Therefore, the primary objective of this paper is to examine the influence of Turkey’s future accession into the EU on the recently accelerated privatization processes.  In order to achieve this purpose, we focus on the privatization attempts in the energy sector.

            The structure of the paper is as follows: In the next section, we examine privatization as a general concept and evaluate the Turkish privatization process.  In section three, we discuss privatization processes in the energy sector and Turkish politics.   In section four, we give an overview of second wave of privatization acceleration and discuss EU as a driven force behind this acceleration.  In section five, we conclude with final remarks. 

 

II. The Concept of Privatization and Evolution of Turkish Privatization Process

The Concept of Privatization

In the recent years, most emerging markets, such as Turkey have been implementing privatization as a way of restructuring the economy and to bring efficiency to business operations that SOEs lack.  One of the crucial factors for SOE inefficiencies in Turkey has been the engrained problem of the agency theory that includes unaccountability, complications in measuring risk and incentives where salaries are based on input rather than output which act as a burden on the state economy (Donahue, ). However, despite the difficulties that the agency problem poses on Turkish SOE performance, the privatization process has been gradual in the country.  

Extant literature on privatization suggests that delays in privatization are reasons for unsuccessful outcomes.  It is argued that unsuccessful outcomes derive from political constraints on reforms and restructuring.  However, “Success stories of privatization are rare in low-income countries, and the long-term promise of privatization in sectors posing regulatory complications remains to be established. Countries in crisis may reform SOEs quickly and deeply despite these uncertainties, but others may opt for gradual reform, which need not be altogether bad” – suggesting that efficiency can be achieved in either case if the privatization objective is clearly defined. (Ramamurti, 1998).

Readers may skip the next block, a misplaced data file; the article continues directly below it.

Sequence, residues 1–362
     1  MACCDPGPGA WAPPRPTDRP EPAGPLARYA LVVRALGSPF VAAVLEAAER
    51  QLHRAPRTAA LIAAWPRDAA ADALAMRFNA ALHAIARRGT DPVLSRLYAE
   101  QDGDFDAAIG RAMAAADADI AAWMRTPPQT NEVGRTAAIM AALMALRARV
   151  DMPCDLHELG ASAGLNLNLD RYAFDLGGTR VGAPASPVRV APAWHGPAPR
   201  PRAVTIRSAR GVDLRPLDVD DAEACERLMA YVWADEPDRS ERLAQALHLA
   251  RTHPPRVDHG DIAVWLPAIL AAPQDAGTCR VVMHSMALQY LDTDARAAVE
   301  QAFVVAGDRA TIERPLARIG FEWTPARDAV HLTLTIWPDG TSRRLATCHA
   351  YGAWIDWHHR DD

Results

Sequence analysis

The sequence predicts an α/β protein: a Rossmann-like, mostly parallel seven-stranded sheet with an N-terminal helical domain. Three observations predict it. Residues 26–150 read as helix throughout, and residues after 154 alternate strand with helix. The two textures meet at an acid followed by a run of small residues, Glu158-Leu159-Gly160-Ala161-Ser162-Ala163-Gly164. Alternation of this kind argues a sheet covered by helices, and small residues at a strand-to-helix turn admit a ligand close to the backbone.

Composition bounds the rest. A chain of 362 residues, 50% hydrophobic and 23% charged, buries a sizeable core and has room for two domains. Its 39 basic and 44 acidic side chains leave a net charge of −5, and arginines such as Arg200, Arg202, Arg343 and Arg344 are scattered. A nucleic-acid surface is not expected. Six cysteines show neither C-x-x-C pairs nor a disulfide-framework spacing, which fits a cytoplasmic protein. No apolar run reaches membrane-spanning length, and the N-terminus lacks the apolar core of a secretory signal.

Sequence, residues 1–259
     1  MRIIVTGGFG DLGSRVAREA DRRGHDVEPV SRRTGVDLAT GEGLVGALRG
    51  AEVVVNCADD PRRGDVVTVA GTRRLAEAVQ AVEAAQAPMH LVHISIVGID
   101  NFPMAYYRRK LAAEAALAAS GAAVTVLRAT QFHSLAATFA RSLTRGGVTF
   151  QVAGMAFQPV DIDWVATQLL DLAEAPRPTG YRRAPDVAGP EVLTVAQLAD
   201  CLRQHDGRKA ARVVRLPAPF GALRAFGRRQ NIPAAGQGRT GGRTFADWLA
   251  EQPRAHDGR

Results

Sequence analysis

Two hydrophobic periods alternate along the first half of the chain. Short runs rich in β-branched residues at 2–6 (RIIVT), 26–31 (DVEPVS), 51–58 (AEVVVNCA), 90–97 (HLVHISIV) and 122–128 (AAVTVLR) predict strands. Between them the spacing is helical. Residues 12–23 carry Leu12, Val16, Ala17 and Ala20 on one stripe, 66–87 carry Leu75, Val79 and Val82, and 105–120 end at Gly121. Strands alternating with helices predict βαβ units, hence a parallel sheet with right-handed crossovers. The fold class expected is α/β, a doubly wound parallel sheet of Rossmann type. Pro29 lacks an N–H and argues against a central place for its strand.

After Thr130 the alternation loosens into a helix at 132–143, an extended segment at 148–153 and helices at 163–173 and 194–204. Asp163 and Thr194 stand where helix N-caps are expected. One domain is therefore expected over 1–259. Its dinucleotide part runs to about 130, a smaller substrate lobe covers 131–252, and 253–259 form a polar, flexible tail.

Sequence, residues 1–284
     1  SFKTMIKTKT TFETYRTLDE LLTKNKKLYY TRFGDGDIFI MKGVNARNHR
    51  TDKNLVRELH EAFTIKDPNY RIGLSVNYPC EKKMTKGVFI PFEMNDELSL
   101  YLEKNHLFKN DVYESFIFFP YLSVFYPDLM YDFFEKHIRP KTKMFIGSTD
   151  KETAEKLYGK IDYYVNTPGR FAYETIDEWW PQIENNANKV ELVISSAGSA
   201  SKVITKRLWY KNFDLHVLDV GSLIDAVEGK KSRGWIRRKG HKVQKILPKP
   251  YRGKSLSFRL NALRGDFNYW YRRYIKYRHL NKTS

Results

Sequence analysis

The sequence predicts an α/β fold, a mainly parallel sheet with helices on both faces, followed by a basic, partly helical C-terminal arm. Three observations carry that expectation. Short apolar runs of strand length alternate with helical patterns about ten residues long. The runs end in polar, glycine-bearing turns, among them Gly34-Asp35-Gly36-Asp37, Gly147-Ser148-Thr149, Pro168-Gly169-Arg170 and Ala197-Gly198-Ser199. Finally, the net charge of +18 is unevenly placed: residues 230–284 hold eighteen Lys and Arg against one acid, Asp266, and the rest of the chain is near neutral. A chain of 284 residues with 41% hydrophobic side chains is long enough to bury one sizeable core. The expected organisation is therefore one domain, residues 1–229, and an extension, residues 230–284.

In the past twenty years various countries in which SOEs were major economic and social actors- including most developing countries-have adopted reforms.  The nine key SOEs (telecommunications, postal services, airlines, railways, transport, power, cement, iron and steel, and textiles) have been persistently poor. (Kikeri, Nellis, Shirley,  1994). 

However, in addition to this concern, there has always been a different challenge, mainly the privatization of monopolies. In the past, the energy sector formed both the philosophical and the economic nucleus for the regimes that came to power, as this sector, along with other utilities was a vital artery for governments to deliver their own objectives and to control prices as well as the flow of distribution. In this way governments had the power, thereby, hindering the process of privatization in the sector. The weakness and/or absences of private sector, eventually affected the politics of economic policy in a number of ways. For example, initial reforms failed to work in the absence of private sectors, and the economy fell short of quickly responding to crises in the absence of structural reforms. But , the link between reforms and privatization is crucial as efficiency and economic benefits cannot be reaped without the other.   This was apparent in most cases in Latin America during their initial privatization processes. For example, when Mexico initiated reforms in mid-1980s, it was able to enjoy the benefits of a refined and internationalized private sector (Gati, 1990).